Michael Dirda

Michael Dirda is a Pulitzer Prize-winning columnist for The Washington Post Book World and the author of the memoir “An Open Book” and of four collections of essays: “Readings,” “Bound to Please,” “Book by Book” and “Classics for Pleasure.” Dirda was born in Lorain, Ohio, graduated with highest honors in English from Oberlin College, and received a Ph.D. in comparative literature (medieval studies and European romanticism) from Cornell University.
Latest from Michael Dirda

‘Invisible Things’ is a science fiction novel with an eye on the now

Mat Johnson’s latest book delivers a biting satire of American politics and class issues — from the vantage point of outer space.

June 22, 2022

James Joyce is on my summer reread list. Also, Colette.

I’ll revisit "Ulysses" on its 100th anniversary and delve into "Cheri" as well as works by wonderful modern writers like Guy Gavriel Kay.

June 15, 2022

Marina Warner’s new book evokes the vanished glamour of yesterday

The wondrously entertaining ‘Esmond and Ilia,’ follows the author’s parents from the English countryside to the Cairo in its heyday

June 8, 2022

In this stellar group of European writers, two worthy of the Nobel

Savor the mastery of "The Aphorisms of Franz Kafka," "533 Days," "The White Room" and "The Lure of the Unknown."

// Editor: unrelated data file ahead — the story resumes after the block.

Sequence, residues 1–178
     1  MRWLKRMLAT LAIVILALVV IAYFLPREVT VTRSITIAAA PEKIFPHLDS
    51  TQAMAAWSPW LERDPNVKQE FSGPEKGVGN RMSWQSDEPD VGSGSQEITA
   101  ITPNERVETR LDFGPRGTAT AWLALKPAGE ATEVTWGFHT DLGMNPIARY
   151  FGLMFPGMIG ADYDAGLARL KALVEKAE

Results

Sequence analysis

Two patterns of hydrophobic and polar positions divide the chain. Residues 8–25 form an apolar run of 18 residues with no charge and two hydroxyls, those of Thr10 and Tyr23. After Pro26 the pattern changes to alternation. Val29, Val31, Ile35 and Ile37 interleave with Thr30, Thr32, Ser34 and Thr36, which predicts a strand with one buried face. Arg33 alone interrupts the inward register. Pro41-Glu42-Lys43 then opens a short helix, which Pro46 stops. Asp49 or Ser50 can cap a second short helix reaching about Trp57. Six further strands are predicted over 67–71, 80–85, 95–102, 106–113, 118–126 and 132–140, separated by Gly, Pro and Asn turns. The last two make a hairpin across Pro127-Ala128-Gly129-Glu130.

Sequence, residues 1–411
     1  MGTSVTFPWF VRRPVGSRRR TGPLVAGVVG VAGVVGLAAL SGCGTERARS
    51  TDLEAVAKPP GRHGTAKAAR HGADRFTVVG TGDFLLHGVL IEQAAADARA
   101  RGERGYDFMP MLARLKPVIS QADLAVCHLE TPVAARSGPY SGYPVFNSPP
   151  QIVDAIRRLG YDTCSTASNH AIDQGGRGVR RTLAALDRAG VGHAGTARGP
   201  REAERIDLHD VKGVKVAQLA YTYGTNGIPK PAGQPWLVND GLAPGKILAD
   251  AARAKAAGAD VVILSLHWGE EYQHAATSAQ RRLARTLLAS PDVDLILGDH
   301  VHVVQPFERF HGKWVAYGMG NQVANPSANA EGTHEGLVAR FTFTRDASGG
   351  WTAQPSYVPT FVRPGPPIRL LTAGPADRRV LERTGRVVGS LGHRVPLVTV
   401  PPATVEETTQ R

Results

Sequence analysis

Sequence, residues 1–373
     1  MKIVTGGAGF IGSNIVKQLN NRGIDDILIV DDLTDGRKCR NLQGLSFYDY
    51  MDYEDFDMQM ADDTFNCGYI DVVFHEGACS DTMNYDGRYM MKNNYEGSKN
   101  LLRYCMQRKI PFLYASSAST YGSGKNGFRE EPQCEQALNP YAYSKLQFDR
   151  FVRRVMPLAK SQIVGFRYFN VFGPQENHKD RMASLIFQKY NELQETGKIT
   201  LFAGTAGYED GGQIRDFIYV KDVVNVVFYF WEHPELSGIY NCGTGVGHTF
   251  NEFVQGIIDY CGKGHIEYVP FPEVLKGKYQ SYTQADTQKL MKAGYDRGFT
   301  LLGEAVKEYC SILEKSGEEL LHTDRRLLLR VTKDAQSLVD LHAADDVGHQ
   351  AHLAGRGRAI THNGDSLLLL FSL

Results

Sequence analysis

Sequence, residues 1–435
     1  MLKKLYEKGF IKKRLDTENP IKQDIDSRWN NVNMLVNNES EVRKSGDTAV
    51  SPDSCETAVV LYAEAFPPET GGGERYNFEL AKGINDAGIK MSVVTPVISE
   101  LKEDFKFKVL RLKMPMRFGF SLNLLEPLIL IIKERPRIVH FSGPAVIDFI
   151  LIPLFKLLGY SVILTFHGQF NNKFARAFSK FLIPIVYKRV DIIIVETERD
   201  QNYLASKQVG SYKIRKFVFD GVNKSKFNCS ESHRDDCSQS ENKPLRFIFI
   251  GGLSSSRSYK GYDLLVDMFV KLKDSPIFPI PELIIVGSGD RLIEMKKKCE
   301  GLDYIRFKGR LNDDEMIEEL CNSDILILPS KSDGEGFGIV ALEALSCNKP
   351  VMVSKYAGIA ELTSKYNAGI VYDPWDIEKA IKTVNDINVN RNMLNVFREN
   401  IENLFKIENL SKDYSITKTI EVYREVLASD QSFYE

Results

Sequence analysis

June 1, 2022

In these gloomy, divisive times, does anyone care about books? I do.

Books emphasize interiority, encourage empathy, require thought and are meant to foster rational argument -- things we all need.

May 25, 2022

The tale of a dropout who found purpose in books, travel and just living

James Campbell’s memoir "Just Go Down to the Road" captures an era and how it shaped the author’s eventual literary career.

May 18, 2022

Finding wisdom in Charles Baudelaire’s mad scribblings

A new translation of ‘The Late Fragments’ reveals the great French poet’s wit and foresight

May 11, 2022

What bookstores and the literary life contribute to ... life

A stack of new books illuminates the wonder of printed books — writing them, buying them, reading them.

May 4, 2022

Poetry matters. Two new books remind us why.

Edward Hirsch’s “The Heart of American Poetry” and Brad Leithauser’s “Rhyme’s Rooms: The Architecture of Poetry” give reason to slow down and savor language

April 27, 2022

Splashy mystery novels are not for me. Here’s what I’d pick instead.

"‘Gripping" books grip me too much. I prefer the clever who-and-howdunits of writers like Will Thomas, Guillermo Martinez and Stuart Palmer.

April 20, 2022